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Crime News Unspeakable Crime: The Killing of Jessica Chambers

Defense Files Bombshell Motion Of Misconduct Against D.A. In Case Of Jessica Chambers, Who Was Burned Alive

Allegations include “numerous ethical violations, prosecutorial misconduct [and] potential criminal violations” against prominent district attorney John Champion.

By Matt Muro

The trial of Quinton Tellis, accused of burning 19-year-old Jessica Chambers alive in the small town of Courtland, Mississippi, ended in a hung jury last fall. Prosecutors immediately announced their intention to retry the case, currently set for September 24. But a new filing may derail the retrial for the foreseeable future, further delaying the pursuit of justice sought by Jessica’s family and friends.

Tellis’ defense attorney, Darla Palmer, filed a motion and an affidavit yesterday, obtained by Oxygen.com, with explosive accusations of “numerous ethical violations, prosecutorial misconduct [and] potential criminal violations” against prominent district attorney John Champion.

The basis of the motion and supporting affidavit is that Champion allegedly tried to pressure another client of Palmer’s, Jalen Asir Matthews Caudle, charged with capital murder, to testify that Jessica Chambers used to refer to Quinton Tellis as “Eric.”

In the first trial, which Oxygen covered as part of its upcoming docu-series “Unspeakable Crime: The Killing of Jessica Chambers,”a parade of first responders testified that Jessica Chambers, who was found with burns on 93 percent of her body, responded “Eric” when asked who had set her on fire. She died shortly after.

Palmer, representing Quinton Tellis, said during the trial: “Eric is not on trial today, but ladies and gentlemen he should be.”

In his affidavit, Jalen Caudle, who met Tellis when they were both incarcerated in the Desoto County jail, claims that on April 5, 2018, district attorney John Champion asked to meet with him at the jail in a private office. This meeting was without Palmer’s knowledge.

Champion told Caudle, according to the affidavit, that he was prosecuting his case, and said: “I promise you if you help me, I’ll help you.”

Champion then asked, according to the affidavit, if “there is anything you want to tell me about Quinton’s case?” 

Caudle, who says he’s innocent of the capital murder charge, claims in his affidavit that Champion reiterated his point by saying: “I can drop your charges a lot, a whole lot, something to where you can get home a lot sooner. Now, I helped a lot of people and I also sent people away for life who tried to fuck me. So now I’m gone ask you this again. Is there anything you want to tell me about Quinton’s case?”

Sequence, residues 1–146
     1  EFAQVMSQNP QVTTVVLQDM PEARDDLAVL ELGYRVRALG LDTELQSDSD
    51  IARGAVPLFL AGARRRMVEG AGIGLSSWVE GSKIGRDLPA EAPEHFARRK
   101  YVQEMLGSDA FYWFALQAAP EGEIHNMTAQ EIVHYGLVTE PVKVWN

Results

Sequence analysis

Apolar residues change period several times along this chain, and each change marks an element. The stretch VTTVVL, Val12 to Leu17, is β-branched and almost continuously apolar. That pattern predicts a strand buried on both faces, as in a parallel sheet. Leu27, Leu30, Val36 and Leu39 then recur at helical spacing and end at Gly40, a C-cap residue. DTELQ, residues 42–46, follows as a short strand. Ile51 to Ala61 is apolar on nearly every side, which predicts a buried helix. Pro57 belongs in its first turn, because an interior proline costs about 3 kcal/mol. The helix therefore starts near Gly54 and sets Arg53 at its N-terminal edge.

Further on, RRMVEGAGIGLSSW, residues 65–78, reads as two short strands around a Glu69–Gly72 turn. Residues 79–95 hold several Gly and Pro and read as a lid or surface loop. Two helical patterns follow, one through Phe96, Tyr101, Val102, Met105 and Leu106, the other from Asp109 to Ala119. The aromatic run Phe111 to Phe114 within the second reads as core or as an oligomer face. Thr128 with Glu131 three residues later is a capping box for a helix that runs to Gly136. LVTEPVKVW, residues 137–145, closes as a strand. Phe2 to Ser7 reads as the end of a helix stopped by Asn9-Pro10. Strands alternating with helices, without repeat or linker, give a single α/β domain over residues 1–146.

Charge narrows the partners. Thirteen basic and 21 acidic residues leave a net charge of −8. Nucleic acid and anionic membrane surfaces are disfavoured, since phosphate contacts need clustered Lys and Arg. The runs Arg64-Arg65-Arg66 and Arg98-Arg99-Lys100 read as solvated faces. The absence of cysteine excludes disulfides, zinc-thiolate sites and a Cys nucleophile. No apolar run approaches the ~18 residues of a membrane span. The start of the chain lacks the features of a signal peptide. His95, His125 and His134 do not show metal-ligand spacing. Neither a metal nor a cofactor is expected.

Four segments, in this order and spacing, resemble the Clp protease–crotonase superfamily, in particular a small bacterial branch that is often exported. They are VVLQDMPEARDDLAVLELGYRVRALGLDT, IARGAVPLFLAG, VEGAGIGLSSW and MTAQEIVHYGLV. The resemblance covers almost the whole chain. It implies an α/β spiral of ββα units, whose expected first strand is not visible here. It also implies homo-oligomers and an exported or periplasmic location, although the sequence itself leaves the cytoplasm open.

After Caudle failed to offer incriminating information, the affidavit claims Champion said: “Jalen what about this… Quinton’s nickname was Eric right?”

After Caudle said he didn’t know, Champion allegedly said, “Okay let me help you out… Quinton told you that Jessica called him Eric right? Quinton told you that Jessica called him Eric sometimes because that’s the name Quinton told her when they [Quinton and Jessica] first met.”

The affidavit also states that Champion said Caudle should drop Darla Palmer as his attorney because he wants Caudle to testify against Quinton Tellis and that “will be a conflict of interest.”

“I know a public defender. He is a friend of mine,” said Champion, according to the affidavit. “If you help me, then I promise I won’t send you away for life.”

In the motion filed yesterday, defense attorney Darla Palmer requested that the district attorney’s office be recused from prosecuting the Tellis case, that the retrial scheduled for the fall, be adjourned until the attorney general’s office has been appointed, and that “monetary sanctions/criminal contempt be imposed against District Attorney John Champion.”

The DA’s office told Oxygen.com that it will not comment on this motion and that it will be heard next Monday. Tellis’ next court date is July 9.

"I have no idea why district attorney Champion would go visit Jalen. He had absolutely no permission or authorization from me to speak to my client Jalen," Darla Palmer told Oxygen.com. "The Mississippi rules of professional conduct prohibit one lawyer from visiting or speaking to another lawyer's client without that lawyer's consent."

Added Palmer: "Let's not forget about Jalen. He is a very young man who faces a serious charge. Like Quinton, he asserts his innocence but has now been manipulated into a situation by a district attorney that he did not choose. Champion's behavior shamefully impacts both Jalen and Quinton.“

Beth Karas, a legal analyst and television commentator who has covered the case for Oxygen’s upcoming docu-series, reviewed the motion filed yesterday: “These are troubling allegations, if true, and require a thorough investigation and hearing.”